Before starting, I believe that it is important to clarify the subject matter this article will explore. What we will look at is how long a round in DnD 5e lasts, not how long a session or a campaign last. Just how long a combat round is and everything relative to it.
The latter two are deserving their own articles, as such, they will be addressed properly in their respective articles. Without further ado, let us look at what a round is.
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What is a Round in DnD 5e?
In simple terms. A round is the space in which you can perform an action in an encounter. What that action is, lies entirely on the circumstances of your situation and weighs in many factors. Everything from what your character is, their skills and capabilities, their stats, their equipment, and the environment they are in is taken into consideration.
Round ≠ Turn
This is an important distinction to understand. Many players at first confuse the two to be synonyms, but in fact, it isn’t like that.
So let’s use video game terms to better explain it.
In combat, every character gets their own turn to do an action, after all the characters have performed an action in their respective turn the round ends and the next one begins.
The Usual Progression of Rounds in DnD 5e.
Having covered the basics of what a round is, and looked at the crucial difference between a round and turn; let us now look at how rounds usually progress in a game of DnD 5e.
At the beginning of the encounter, each player throws a Dexterity check to determine their initiative in the round. For any creatures, NPCs, and other characters the DM rolls a Dexterity check based on their respective stats.
This is important because it determines the initiative order, without it, the conflict will carry over from the tabletop to in real life. So, to avoid misunderstandings everyone performs an initiative check.
What is Initiative?
Initiative is as mentioned previously, rolls that determine the order in which characters take their turns in a round.
The basics are as follows, players roll Dexterity checks; as such. Classes with high Dexterity benefit more from this and are usually at the top of the turn order, while classes with low Dexterity are at the bottom.
For checks that are tied between players, the players usually roll a d20 and the higher number goes first. For characters the DM controls, he decides which one goes first.
Having looked at this mechanic, let us go to the most important part.
The combat is the most important part of any session, without it, a session would be just a narration of a story. With it included – an element is added that makes DnD so loved by players for decades now.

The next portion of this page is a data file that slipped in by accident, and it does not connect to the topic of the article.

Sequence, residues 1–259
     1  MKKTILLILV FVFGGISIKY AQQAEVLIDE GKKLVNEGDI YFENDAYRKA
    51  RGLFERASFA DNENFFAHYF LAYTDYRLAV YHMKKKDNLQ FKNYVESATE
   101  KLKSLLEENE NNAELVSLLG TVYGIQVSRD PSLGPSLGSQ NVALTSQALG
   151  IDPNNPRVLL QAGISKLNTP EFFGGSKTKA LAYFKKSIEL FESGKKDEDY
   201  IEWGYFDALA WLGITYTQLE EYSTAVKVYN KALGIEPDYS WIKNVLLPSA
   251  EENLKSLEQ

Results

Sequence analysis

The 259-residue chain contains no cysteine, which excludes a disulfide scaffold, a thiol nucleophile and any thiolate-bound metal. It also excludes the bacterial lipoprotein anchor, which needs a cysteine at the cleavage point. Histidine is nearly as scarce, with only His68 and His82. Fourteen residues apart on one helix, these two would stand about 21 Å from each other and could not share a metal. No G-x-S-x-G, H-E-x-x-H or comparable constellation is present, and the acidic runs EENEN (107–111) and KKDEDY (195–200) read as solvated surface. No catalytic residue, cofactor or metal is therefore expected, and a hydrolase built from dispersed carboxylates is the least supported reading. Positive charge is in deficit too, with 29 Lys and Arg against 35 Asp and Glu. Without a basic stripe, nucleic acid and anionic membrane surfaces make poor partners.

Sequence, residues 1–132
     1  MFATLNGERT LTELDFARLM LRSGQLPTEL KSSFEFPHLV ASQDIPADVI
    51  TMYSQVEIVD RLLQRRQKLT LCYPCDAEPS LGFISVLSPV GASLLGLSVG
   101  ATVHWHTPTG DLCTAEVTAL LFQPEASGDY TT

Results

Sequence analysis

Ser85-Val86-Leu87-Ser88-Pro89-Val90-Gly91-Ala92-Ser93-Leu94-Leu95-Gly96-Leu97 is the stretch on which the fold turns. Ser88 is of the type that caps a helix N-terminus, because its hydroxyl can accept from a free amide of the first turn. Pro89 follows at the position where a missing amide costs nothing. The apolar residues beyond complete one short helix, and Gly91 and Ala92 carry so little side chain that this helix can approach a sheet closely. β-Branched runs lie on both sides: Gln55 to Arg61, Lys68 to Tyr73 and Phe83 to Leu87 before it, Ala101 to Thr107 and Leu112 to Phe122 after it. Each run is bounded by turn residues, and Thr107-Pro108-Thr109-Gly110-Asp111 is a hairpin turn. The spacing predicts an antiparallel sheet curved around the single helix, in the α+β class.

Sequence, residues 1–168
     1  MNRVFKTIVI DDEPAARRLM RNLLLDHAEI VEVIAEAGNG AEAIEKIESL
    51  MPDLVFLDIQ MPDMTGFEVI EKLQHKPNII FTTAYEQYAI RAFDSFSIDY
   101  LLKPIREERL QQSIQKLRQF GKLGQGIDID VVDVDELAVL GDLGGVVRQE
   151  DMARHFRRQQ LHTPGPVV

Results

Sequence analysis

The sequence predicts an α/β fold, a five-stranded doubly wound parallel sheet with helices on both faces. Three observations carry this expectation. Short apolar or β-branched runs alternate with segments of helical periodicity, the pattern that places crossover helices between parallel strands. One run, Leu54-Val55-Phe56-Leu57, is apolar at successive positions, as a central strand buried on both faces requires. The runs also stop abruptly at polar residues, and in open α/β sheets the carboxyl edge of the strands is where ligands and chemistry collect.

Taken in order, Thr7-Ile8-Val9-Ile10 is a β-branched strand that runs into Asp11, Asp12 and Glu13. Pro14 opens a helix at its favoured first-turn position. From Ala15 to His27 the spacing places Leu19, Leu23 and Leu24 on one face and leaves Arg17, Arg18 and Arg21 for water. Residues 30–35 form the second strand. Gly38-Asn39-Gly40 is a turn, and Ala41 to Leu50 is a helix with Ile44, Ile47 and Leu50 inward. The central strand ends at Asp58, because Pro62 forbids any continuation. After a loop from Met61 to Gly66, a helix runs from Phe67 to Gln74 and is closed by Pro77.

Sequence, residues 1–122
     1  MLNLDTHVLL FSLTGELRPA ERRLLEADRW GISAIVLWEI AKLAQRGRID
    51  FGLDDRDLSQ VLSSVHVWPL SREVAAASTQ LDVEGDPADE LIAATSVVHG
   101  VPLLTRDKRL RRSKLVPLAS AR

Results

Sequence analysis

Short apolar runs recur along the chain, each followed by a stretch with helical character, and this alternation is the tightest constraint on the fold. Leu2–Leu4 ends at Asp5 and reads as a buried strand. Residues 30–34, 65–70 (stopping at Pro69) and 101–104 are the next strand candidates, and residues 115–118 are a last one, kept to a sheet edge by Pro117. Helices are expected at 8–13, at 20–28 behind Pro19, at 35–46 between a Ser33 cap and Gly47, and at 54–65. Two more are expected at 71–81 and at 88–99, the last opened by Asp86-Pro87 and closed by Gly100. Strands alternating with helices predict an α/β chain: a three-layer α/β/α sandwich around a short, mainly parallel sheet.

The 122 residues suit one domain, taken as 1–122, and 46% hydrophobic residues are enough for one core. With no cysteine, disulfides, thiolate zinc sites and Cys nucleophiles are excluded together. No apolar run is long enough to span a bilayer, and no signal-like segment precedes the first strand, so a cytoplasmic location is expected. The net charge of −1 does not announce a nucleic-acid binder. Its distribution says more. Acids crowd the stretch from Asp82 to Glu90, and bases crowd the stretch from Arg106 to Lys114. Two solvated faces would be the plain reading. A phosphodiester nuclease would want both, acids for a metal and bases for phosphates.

The basics are as follows: Each player has at least one or multiple action points that they can use, these are predetermined by the DM or by player skills and/or level.
In each turn, they can perform an action that has certain repercussions. The factors that determine the outcome vary from the positioning of the characters at the beginning of the engagement, the skills and abilities the characters have, and the most important part – the blessings of lady luck. A lucky 20 can change the outcome of any situation rapidly.
The list of actions you can usually do in a round of DnD 5e are:
- Casting a Spell
- Helping an ally
- Searching an object
- Using an object
That’s just the basic actions that you can perform, get creative with how you combine these in battle.
During your fight, you can use a ranged weapon to make a ranged attack. Cast a sleep spell, perform ability checks, perform multiple attacks if the conditions are right, and hit a creature over the head with a hammer. Whatever comes to mind.
These are the basic actions one can make. Of course, there are other actions a player can make, but these are situational. Smaller actions might not even require you to use action or movement points – like reading your character sheet (and frankly, it would be funny if your dungeon master made you waste a point on this).
Having analyzed the differences between a round and a turn I hope the reader has a better understanding of the entire process. The process of rolling checks might seem confusing the first few times newer players attempt it. Especially since for the most part you only get a single attack roll. But after a few sessions usually, everyone gets a hang of it.
The basic process is as follows: An encounter happens > players roll initiative along with the DM > everyone performs their actions > next turn everyone performs their actions again > have as many turns as are required to end the encounter > combat ends and those remaining enjoy the spoils.
If you have any further questions, as always I recommend consulting the player’s handbook.
Other questions that players often ask are “how long is one round?”, “how long are ten rounds?”, “how many rounds is an engagement usually?”, “what are ability checks?”, “what is the worth of one action?”
These are just an example of relevant questions that we will be discussing in their appropriate articles. What we cared about today is only “how long a round lasts?” and I hope you’ve found this article educational. Get involved and have fun.